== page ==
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I have a onclick event for a href , but if a define a rel the function is not getting called

<a href="http://somewebsite" 
   rel="somevalue">testing </a>

If I remove the rel property the onclick is working just fine.

What's up with that?

share|improve this question
what happens if you keep it in one line? – Breezer Dec 1 '10 at 20:39
I cannot reproduce the error: Probably it is something else... – Felix Kling Dec 1 '10 at 20:39
@breezer it was on one line--I edited it for our benefit – Michael Haren Dec 1 '10 at 20:41
I could not reproduce this behavior. Also you do not need the javascript: protocol on onclick attribute. – Josiah Ruddell Dec 1 '10 at 20:41
Which browser? I just tried it on FF4, IE8, and Chrome with an alert() and it worked just fine. – James Kovacs Dec 1 '10 at 20:41
up vote 1 down vote accepted

I'm not sure this is really an answer, but really more of a debugging diagnostic. Plus, it was getting a bit long for use in the comments section.

  1. There are no JS errors for me in either Chrome 7 or FF 3.6.8

  2. There are no apparent unclosed quotes in the anchor tag

  3. While the rel tag is not directly supported by any modern browser (but rather used by search spiders), the consensus is that it shouldn't affect events. In fact, per some user comments, such @James Kovaks, it works fine in his tests.

  4. From the Chrome JS console, the function trackForGA is visible, and executable without error.

  5. Attaching an event with jQuery, and then clicking, fires the event as expected. This tells us the click event is in fact being fired by the browser.


  $('#countrytabs li:first').click(trackForGA); // click overview tab 

Suggested next steps:

  • Try other event types, to see if they are affected as well - such as onmouseover.
  • Begin removing JavaScript that is not related to this particular event. Specifically, the only JS you want to remain is the trackForGa function and the onclick JS. Even remove externally loaded JS, such as jQuery (you can presumably do this on a local test/dev box)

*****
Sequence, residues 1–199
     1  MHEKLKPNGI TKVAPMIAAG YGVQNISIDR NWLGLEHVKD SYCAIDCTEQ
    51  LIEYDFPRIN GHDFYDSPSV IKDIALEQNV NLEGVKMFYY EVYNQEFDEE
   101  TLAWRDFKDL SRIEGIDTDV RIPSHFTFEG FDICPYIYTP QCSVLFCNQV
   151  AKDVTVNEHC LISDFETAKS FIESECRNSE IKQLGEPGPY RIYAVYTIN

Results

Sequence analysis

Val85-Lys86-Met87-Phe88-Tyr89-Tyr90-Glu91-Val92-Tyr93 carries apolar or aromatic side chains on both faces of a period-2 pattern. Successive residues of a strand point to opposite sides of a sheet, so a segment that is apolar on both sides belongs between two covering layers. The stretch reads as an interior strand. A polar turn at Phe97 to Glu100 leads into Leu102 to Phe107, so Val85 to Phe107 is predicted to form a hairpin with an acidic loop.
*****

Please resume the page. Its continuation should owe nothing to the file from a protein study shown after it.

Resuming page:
• If the problem persists, remove trackForGa and instead just do an alert() from the onclick event.
  • If the problem persists, run your site through an HTML validator (
  • If the problem persists after fixing validation problems, begin removing unrelated HTML tags and content. Systematically remove items until the click is firing as expected to identify a potential culprit.
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Also, you never need to specify "javascript:" in an onclick. The only thing that can follow is JavaScript.

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In this context, that expression is a label: which is useless in the context. (This answer, however, should be a comment). – Quentin Dec 1 '10 at 21:00
@david , even in the jsfiddle, when i change the alert to a function call its failing – kobe Dec 1 '10 at 21:03
@gov — that statement doesn't appear to have anything to do with what it appears to be a response to. – Quentin Dec 1 '10 at 21:09
@david , i didn't get you? – kobe Dec 1 '10 at 21:12
javascript: defines a label, which you use at the start of a loop so you can jump to it from inside the loop. They are useful when you have nested loops. They aren't useful when you have no loop at all. – Quentin Dec 1 '10 at 21:21

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